“Russia has settled the issue of foreign USSR property with all former Soviet republics except Ukraine,” said Evgeny Minchenko, Director of the International Institute of Political Expertise. The Verkhovna Rada in 1994 refused to ratify the respective agreement with Russia. Later there were negotiations with Yulia Tymoshenko’s government, but she stated that she will not have enough parliamentary votes to ratify the agreement. This was not an excuse. Had she raised the question, she would have been accused of betrayal of Ukraine’s national interests.
Some people are not very pleased to hear such statements from President Yanukovych. Yet, there is nothing surprising about them. Yanukovych is a long time leader of the Party of Regions which is backed by large businesses whose representatives love money and know how to count it.
This is an unpleasant moment in Russian-Ukrainian relations. Admittedly, it should not be dramatized. There was information concerning our unwillingness to change our position regarding former debt and foreign property of the USSR. Yet, I cannot rule out that there might be progress on our part. Now negotiation positions on this complex issue are only forming. It may take years, not months, to get everything settled.
Now it is too early and even unethical to speak about the options. I would like to mention that the Ukrainian position has a very weak point. Those in Kiev forgot a Russian proverb “An umbrella is good on a rainy day.” If, in the early 1990s, Ukraine had clearly formulated its refusal to ratify the agreement and undertaken debt repayment, it would have had grounds to receive its share of the property.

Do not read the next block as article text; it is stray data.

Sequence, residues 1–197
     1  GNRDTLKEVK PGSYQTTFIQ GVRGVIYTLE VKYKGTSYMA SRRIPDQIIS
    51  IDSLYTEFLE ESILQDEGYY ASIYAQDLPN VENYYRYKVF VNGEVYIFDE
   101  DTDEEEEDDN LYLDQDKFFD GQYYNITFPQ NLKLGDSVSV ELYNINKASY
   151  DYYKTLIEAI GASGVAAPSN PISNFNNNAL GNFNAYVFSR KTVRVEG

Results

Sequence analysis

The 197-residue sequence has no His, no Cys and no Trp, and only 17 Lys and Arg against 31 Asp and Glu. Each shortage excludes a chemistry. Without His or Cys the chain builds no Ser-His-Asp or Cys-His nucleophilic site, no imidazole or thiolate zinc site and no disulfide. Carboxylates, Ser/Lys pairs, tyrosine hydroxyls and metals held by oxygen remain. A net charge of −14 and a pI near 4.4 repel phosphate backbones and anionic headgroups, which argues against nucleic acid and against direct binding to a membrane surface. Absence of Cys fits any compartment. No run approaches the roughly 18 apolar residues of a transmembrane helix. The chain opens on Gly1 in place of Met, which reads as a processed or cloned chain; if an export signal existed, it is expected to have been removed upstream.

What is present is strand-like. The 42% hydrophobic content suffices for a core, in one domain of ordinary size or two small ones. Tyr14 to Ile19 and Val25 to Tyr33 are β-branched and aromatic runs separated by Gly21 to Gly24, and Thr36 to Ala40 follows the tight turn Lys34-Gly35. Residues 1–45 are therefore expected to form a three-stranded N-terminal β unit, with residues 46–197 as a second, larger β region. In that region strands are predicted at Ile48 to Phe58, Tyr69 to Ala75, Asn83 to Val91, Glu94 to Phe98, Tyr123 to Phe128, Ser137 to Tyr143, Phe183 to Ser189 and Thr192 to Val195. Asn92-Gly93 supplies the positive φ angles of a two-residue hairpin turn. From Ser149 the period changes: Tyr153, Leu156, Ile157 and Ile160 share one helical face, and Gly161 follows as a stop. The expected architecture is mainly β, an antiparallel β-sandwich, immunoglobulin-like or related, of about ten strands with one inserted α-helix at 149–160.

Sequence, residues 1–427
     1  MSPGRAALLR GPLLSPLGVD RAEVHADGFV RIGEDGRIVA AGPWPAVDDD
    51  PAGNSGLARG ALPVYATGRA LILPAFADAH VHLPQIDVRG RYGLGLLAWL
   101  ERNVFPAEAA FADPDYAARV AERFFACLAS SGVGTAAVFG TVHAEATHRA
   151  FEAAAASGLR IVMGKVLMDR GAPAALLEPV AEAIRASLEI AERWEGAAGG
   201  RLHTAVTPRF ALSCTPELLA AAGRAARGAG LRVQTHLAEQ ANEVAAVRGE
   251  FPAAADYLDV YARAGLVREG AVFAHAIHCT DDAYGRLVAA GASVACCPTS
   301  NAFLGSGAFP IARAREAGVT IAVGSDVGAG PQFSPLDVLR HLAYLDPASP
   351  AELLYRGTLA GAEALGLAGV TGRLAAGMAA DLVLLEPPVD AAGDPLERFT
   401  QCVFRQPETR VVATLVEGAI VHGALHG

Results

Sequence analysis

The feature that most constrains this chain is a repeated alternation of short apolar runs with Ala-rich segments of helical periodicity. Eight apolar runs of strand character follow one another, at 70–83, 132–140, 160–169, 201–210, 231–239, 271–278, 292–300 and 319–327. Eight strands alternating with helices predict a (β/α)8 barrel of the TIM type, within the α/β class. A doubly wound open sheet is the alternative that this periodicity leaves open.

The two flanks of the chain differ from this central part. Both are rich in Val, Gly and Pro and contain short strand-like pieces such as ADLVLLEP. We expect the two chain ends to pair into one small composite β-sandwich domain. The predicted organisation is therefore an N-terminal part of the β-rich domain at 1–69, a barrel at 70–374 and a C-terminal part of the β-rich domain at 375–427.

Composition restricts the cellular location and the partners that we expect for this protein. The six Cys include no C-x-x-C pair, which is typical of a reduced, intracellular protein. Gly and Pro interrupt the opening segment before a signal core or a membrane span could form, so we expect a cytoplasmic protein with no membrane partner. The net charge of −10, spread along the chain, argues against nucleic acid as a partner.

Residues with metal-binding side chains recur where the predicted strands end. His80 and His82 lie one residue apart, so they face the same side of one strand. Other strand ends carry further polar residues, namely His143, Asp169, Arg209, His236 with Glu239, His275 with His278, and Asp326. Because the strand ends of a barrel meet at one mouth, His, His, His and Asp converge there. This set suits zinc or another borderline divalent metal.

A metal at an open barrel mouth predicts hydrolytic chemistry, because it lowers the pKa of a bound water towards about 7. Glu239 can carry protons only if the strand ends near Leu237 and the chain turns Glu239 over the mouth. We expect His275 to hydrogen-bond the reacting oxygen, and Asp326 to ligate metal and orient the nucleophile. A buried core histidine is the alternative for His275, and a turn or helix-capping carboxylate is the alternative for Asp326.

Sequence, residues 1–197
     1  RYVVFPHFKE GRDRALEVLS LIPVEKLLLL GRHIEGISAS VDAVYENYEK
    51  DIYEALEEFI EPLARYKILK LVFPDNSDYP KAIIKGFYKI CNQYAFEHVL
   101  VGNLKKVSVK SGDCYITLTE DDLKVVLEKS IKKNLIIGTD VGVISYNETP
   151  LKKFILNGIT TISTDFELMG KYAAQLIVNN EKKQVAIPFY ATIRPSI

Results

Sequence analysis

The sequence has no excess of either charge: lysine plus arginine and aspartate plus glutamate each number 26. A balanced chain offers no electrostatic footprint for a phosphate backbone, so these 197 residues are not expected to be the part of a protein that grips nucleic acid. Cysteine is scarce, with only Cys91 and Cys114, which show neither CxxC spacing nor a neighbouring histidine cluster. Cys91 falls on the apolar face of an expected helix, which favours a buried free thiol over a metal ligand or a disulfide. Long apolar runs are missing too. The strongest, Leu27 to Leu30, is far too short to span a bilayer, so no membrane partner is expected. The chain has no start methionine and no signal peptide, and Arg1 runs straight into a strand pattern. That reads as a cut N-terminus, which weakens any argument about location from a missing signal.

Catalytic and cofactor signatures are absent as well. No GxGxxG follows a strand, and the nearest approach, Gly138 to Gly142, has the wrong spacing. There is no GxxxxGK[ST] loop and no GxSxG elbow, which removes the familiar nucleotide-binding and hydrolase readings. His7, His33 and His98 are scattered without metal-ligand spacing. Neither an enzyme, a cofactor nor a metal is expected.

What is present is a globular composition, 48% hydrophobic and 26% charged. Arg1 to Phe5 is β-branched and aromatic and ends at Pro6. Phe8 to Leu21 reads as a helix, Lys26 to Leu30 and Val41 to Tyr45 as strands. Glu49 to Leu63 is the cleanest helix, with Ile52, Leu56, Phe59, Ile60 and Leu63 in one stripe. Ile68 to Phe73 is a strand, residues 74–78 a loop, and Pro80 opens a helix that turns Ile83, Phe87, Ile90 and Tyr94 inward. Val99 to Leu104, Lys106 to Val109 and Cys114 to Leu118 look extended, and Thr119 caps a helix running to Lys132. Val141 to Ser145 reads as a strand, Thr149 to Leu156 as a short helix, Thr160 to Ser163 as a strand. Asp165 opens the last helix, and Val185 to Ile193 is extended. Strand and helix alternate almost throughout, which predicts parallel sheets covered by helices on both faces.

But it has not been done. Russia has repaid the Ukrainian part of debt. Now it is completely different money than it used to be. The US dollar has significantly devaluated in the past years. Now some suggest that Ukraine should repay this old debt unadjusted for inflation. But this is an obvious craftiness,” the expert believes.
“Victor Yanukovych’s statement contradicts prior agreements between Russia and Ukraine,” says Vladimir Skachko, an independent Ukrainian political analyst. “When Russia was in the middle of the “divorce” with other Soviet republics, Ukraine was capable neither of paying its share of the debt nor maintaining its share of the property (approximately 16%).
I cannot rule out that someone is pressuring Yanukovych to raise the issue again to get a certain amount of money from Russia. But at the same time I cannot rule out another option. It could be just a loud statement aimed at minimization of the accusation of the state leader by the opposition who accuses him of betrayal of the national interests.
If someone is seriously willing to get money from Russia this way, it may just worsen the Russian-Ukrainian relations. Ukraine has no prospects here because at some point it decided not to pay its share of the USSR’s debt. It cannot be reversed. If Kiev was in the least capable of doing it, the respective claims would have been voiced in Yushchenko’s time.”